Software-defined wide area networking (SD-WAN) has become the poster child for successful NFV and SDN deployments today. Just about every major telco with fixed-line assets is either offering SD-WAN services, or working on how to offer SD-WAN in the near future. And, the technology even holds promise for wireless carriers that could use fixed wireless access to deliver SD-WAN.
SD-WAN is proving to be an opportunity for increased revenue for many service providers, and can act as a platform for future add-on services, including managed IT and security capabilities. It also allows service providers to add value on the connectivity side, partnering or reselling alternate connectivity options as well as bundling-in direct access to public clouds or popular software-as-a-service (SaaS) applications.
Many SD-WAN solutions are based on overlays, which currently allow managed service providers (MSPs) who don’t own or control physical connectivity to provide managed SD-WAN solutions, regardless of who plumbs the last mile (or for that matter, who interconnects the disparate networks). Some SD-WAN vendors also sell overlay solutions directly to enterprises.
This overlay property of SD-WAN also makes it possible for a service provider to sell SD-WAN into locations dominated by incumbent fixed operators, effectively making the service provider an MSP for an over-the-top SD-WAN service. Some service providers view this as a chance to break into new markets, or to cement the relationship with existing enterprise customers by providing managed reach into locations they don't directly have fixed-line assets in, for example, remote offices in another region or country.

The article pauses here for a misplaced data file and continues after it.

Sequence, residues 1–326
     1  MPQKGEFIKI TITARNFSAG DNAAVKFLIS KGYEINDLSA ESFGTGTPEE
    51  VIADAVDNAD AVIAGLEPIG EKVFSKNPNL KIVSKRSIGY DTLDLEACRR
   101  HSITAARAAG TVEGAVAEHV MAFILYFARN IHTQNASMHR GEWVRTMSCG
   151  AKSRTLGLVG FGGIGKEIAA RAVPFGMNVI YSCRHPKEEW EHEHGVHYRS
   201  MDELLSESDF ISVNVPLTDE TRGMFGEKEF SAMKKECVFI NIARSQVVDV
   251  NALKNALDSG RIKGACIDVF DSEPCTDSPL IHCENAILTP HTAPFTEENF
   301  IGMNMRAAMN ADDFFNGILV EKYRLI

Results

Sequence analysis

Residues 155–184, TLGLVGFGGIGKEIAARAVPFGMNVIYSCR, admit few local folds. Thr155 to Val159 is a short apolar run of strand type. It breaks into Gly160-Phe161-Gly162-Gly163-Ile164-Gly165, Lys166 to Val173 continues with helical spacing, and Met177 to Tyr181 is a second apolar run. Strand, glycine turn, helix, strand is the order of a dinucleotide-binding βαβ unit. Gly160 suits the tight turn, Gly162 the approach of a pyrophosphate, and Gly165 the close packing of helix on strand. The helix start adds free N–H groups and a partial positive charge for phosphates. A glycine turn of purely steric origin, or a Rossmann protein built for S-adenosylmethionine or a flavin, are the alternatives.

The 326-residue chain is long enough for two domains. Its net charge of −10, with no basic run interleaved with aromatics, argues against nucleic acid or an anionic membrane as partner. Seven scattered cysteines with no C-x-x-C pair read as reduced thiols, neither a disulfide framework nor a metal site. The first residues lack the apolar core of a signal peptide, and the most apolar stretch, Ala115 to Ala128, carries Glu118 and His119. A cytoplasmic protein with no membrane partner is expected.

SD-WAN and the promise of 5G FWA
Just as SD-WAN provides fixed line service providers or MSPs with the ability to deliver managed network services into locations where they don't have fixed line assets today, 5G fixed wireless access (FWA) can potentially allow mobile service providers to have last mile connectivity to both urban and potentially rural subscribers as well.
I'd like to point out, as others have before me, that FWA isn't new; we've been here before with LMDS and then again with WiMAX. And, both were not particularly successful as business initiatives, for a whole host of reasons. 5G FWA is interesting because of performance characteristics that rival next-gen copper and fiber connectivity speeds. It also comes with a promise that costs will be much lower thanks to savings from reduced infrastructure and civil engineering spend, as there will be no trenches to dig nor fiber to lay.
So with 5G FWA, mobile providers could ostensibly offer business SD-WAN services, providing coverage without the expense of laying fiber or upgrading a cable plant. Mobile providers could be in a position to be the prime supplier of SD-WAN services, using 4G LTE as a backup, or roping in other connectivity options for direct internet access, such as cable and DSL, but with the mobile carrier as the primary managed provider for the service.